AUDIE CORNISH, HOST:
The National Football League has been dominating the sports headlines, but this week that may finally start to change because it's the final week of the Major League Baseball regular season. Yeah, remember baseball? It's a good bet you will because between now and Sunday's finale, there is guaranteed excitement with teams battling for playoff spots. Joining us now is NPR sports correspondent Tom Goldman. Good morning, Tom.
TOM GOLDMAN, BYLINE: I'm excited, how about you?
CORNISH: I am. So let's first talk about the week to come and the races for the postseason because there's a bunch of contending teams that played last night. What's the latest?
GOLDMAN: You know, it's always fun to have teams in the playoffs that you haven't seen for a while, like Seattle. The Mariners haven't been to the postseason for 13 years, battling for a wild-card spot - but didn't help their cause with a 14-4 loss to Toronto last night. The Kansas City Royals haven't been in the postseason since Abraham Lincoln was president - no actually Ronald Reagan in 1985. They're in a division race with Detroit in the AL Central, only a game behind. And then Pittsburgh broke a long playoff drought last season and the Pirates are showing it was no fluke. They won 1-0 last night and they're only two games behind St. Louis in the National League Central.
CORNISH: All right, well, give me the long view. There's the potential for some rare regional match ups in the World Series next month, right? I mean, one in the Northeast and, of course, one in the Southwest.
GOLDMAN: Absolutely. One you're hearing a lot about - the Washington Nationals and the Baltimore Orioles. Fans are in a tizzy about a possible Beltway series, although, of course, technically they're not connected by the same Beltway, but it's close enough. They're both division winners. They have each won over 90 games. It could happen. So could a California freeway series - the Dodgers versus the LA Angels, who are in the playoffs for the first time since 2009. And this one could be real eye-candy for baseball fans. Star-studded teams, the Dodgers have left-handed pitching genius Clayton Kershaw, the freakishly talented wild-child Yasiel Puig. The Angels have the best player in baseball, Mike Trout, and veteran slugger Albert Pujols and many, many, many more.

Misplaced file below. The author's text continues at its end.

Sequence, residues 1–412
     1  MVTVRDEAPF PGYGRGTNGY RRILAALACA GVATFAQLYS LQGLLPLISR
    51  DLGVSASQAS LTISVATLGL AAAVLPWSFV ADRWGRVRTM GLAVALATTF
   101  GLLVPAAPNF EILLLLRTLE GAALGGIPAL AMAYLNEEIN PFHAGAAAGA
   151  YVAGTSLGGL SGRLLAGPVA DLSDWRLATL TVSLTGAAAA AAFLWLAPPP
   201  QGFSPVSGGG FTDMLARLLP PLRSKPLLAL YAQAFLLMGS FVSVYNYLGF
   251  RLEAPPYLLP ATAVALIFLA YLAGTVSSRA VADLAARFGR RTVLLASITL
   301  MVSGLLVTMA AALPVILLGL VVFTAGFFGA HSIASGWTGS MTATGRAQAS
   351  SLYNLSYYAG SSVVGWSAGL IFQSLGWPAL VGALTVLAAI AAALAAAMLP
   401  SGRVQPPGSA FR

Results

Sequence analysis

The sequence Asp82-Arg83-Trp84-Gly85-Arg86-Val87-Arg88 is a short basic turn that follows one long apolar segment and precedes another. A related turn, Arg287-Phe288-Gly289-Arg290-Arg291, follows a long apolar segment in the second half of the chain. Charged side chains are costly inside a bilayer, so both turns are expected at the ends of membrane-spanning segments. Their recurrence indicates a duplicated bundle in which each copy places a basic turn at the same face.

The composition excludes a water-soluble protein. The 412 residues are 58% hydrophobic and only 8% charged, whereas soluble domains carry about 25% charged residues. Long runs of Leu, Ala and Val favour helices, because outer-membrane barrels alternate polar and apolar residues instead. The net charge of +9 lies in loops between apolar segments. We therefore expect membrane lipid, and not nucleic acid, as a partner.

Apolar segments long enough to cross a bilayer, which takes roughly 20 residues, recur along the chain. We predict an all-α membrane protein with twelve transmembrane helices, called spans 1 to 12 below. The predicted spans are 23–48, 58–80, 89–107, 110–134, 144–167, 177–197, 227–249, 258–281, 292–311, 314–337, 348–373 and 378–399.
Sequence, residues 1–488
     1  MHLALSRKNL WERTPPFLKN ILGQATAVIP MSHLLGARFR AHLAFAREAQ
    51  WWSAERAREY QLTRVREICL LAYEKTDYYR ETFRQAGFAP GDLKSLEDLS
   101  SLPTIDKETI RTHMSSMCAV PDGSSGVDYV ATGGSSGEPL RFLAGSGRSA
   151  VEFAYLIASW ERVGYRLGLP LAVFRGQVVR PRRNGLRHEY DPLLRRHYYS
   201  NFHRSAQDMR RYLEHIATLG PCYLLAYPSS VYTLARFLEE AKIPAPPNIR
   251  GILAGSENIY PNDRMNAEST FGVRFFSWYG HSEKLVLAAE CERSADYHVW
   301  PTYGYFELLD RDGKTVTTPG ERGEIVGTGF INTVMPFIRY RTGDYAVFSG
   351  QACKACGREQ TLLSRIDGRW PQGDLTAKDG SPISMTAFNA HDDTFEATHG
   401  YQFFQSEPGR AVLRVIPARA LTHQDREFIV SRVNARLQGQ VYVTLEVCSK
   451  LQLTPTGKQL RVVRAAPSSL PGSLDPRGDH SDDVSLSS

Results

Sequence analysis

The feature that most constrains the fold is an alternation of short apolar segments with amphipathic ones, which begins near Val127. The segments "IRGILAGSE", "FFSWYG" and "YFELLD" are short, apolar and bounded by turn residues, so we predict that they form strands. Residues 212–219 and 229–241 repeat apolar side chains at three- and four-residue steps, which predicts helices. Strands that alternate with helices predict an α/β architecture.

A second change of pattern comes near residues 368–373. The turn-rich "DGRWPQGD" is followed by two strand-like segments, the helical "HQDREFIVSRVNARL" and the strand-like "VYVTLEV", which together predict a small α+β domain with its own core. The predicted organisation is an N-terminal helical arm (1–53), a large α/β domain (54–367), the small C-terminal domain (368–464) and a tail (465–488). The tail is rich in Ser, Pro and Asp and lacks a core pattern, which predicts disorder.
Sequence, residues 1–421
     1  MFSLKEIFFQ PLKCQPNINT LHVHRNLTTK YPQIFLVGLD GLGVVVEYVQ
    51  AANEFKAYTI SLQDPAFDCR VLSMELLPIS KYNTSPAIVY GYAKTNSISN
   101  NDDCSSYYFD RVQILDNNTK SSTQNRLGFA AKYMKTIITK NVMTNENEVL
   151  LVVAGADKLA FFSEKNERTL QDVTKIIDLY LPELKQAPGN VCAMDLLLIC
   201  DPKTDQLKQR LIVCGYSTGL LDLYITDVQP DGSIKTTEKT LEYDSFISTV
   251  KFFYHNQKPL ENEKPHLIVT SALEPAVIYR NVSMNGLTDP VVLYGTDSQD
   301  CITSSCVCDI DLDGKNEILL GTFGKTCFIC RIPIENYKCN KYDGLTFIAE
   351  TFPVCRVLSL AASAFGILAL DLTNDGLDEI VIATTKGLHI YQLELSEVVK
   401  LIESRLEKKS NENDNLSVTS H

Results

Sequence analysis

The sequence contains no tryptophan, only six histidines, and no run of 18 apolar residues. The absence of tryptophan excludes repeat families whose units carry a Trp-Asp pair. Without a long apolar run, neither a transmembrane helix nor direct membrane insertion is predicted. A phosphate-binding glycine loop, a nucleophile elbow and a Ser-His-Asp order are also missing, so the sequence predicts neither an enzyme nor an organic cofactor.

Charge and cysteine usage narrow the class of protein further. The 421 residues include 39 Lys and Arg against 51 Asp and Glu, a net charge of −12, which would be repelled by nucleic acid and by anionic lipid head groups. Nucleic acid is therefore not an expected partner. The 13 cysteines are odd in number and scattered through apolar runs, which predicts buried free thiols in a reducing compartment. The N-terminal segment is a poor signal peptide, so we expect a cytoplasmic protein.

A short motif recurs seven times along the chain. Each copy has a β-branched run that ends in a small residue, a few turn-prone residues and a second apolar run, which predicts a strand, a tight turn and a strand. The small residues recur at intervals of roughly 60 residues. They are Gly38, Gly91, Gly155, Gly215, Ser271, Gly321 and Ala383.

CORNISH: Finally, Tom, I do want to get back to that crisis in the NFL, obviously the league still dealing with the issue of domestic violence. Yesterday, the owner of the Baltimore Ravens met with the press for 45 minutes to defend his team's handling of the case involving former Ravens' running back Ray Rice. Now, the ravens, of course, cut Rice two weeks ago after the video surfaced of him assaulting his fiance. What did Baltimore owner Steve Bisciotti say yesterday?
GOLDMAN: Well, he disputed an espn.com article from last week, saying the ravens misled - even covered up - what they knew early about the Ray Rice incident. The article says the team's head of security knew the details of the video that showed Rice punching his then fiance within hours after the incident happened in February. And that the security immediately relayed that description to Bisciotti and other Ravens' officials. Now, the security person and the Ravens deny it happened that way. Bisciotti said at his press conference what NFL commissioner Roger Goodell has said all along - they didn't see the tape until it was revealed publicly by TMZ two weeks ago. But Bisciotti regrets that fact, and here's what he said.
(SOUNDBITE OF PRESS CONFERENCE)
STEVE BISCIOTTI: There is no excuse for me to have not demanded that video, except I wasn't concerned or interested enough to demand it. I'm sorry for that - deeply sorry for that.
GOLDMAN: Now, Audie, he said he wasn't interested because police and prosecutors in the case were going to - in his words - aggressively pursue justice. Now there's still a fair amount of skepticism about what Bisciotti and Roger Goodell last Friday have said. And this points to the current investigation by former FBI Director Robert Mueller and the hopes that he can find truths about what happened in the Ray Rice case.
CORNISH: Tom, thanks so much for the update.
GOLDMAN: You bet, Audie.
CORNISH: That's NPR sports correspondent Tom Goldman.
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